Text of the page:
There’s a great article over on Industry Week on Staying True to the Toyota Way During the Recession which started off with a truism that every manager should remember:
Always remember that management should work for team members, instead of team members working for management. We should always show respect for every individual, and we need to make sound decisions locally because no one knows what’s best for your team members in your own culture better than you.
A productive team member is one that is respected, enabled, and free of distractions, disturbances and road-blocks. A good manager understands that the buck not only stops here, it starts here too. Employees should not waste any time on issues that need management resolutions — those issues should go straight to management. A manager does what she can to make sure her employees have the technologies and resources they need to do their job effectively. A good manager thinks of the success of her team before her own success — not the other way around.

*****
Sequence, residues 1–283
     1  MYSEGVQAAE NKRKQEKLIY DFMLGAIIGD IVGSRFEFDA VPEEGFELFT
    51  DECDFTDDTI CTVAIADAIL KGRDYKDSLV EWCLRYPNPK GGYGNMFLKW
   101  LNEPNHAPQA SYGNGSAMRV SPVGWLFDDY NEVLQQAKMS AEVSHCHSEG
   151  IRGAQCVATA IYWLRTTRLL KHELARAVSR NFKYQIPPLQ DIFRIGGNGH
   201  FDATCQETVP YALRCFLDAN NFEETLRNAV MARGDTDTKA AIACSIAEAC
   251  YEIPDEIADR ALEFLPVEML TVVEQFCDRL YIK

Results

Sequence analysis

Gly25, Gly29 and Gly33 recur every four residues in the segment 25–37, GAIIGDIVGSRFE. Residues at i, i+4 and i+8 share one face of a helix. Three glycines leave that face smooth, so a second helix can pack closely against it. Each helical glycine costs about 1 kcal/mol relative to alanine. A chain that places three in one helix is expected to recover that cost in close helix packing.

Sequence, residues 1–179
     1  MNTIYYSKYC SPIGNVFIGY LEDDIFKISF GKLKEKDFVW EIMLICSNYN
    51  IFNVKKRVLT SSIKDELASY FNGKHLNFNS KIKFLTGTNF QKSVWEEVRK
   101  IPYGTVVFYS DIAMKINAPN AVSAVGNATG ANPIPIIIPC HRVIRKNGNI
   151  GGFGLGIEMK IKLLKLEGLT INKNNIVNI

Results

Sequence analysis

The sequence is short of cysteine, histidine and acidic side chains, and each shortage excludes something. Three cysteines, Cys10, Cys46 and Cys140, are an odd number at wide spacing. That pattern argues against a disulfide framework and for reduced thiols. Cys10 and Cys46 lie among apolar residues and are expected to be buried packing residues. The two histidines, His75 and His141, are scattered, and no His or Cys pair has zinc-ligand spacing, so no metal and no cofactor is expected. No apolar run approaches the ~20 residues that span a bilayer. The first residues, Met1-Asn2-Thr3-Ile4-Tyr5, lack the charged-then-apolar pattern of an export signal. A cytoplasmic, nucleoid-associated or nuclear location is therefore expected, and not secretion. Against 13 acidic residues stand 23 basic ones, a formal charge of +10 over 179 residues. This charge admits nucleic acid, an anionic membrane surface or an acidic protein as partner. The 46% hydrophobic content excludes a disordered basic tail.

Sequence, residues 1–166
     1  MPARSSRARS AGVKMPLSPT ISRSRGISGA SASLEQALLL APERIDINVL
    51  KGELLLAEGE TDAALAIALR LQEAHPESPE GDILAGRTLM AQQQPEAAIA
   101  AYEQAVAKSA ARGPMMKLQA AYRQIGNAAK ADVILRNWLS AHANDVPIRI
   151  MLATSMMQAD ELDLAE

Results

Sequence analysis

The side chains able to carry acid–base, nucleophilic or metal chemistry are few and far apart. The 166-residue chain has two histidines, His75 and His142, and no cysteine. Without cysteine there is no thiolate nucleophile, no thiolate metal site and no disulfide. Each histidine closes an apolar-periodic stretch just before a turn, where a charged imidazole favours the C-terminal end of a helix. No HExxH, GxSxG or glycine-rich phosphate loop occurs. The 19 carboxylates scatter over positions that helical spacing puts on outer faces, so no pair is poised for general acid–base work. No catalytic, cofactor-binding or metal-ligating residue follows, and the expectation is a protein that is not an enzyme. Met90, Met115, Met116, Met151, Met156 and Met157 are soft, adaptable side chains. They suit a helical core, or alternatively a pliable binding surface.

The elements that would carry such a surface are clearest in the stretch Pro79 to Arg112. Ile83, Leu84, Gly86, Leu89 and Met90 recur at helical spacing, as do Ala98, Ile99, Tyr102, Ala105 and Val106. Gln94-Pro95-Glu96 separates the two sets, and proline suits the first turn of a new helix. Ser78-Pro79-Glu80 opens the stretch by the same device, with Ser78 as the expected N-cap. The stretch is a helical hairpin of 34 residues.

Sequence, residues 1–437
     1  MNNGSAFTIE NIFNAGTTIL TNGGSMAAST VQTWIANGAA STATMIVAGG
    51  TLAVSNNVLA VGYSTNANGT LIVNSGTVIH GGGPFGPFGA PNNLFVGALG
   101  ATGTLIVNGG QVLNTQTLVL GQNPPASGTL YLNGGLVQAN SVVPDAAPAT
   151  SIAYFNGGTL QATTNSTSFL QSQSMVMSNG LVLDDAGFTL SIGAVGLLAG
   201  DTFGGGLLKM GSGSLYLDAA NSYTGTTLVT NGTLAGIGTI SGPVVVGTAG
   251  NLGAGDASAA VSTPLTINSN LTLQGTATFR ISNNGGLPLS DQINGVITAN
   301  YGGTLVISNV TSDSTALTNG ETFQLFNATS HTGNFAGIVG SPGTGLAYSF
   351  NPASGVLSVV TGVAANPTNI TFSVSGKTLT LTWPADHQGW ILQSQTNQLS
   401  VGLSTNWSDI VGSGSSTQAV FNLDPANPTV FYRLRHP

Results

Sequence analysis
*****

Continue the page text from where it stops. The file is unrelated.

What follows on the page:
Furthermore, a great company places a very high priority on long-term employment security for its employees as they are not “human resources” to be hired and fired on a whim. That’s why morale is approaching an all-time low and up to 90% of your employees are waiting for the job market to come back so they can high-tail it to a better job, or at least a different job.
And a great company gets creative and looks at its CSR and employment policies in a holistic way. When Toyota couldn’t make cash contributions to the charities it typically supported, and plants were idle, it offered manpower in the form of its engineers instead. And it used their brainpower in creative ways to cut overhead and operational costs to reduce the cost of keeping them onboard. And, most importantly, it retrained them so that, when the downturn started to reverse, they were ready to take advantage of new opportunities.
Put people first and you are more likely to succeed.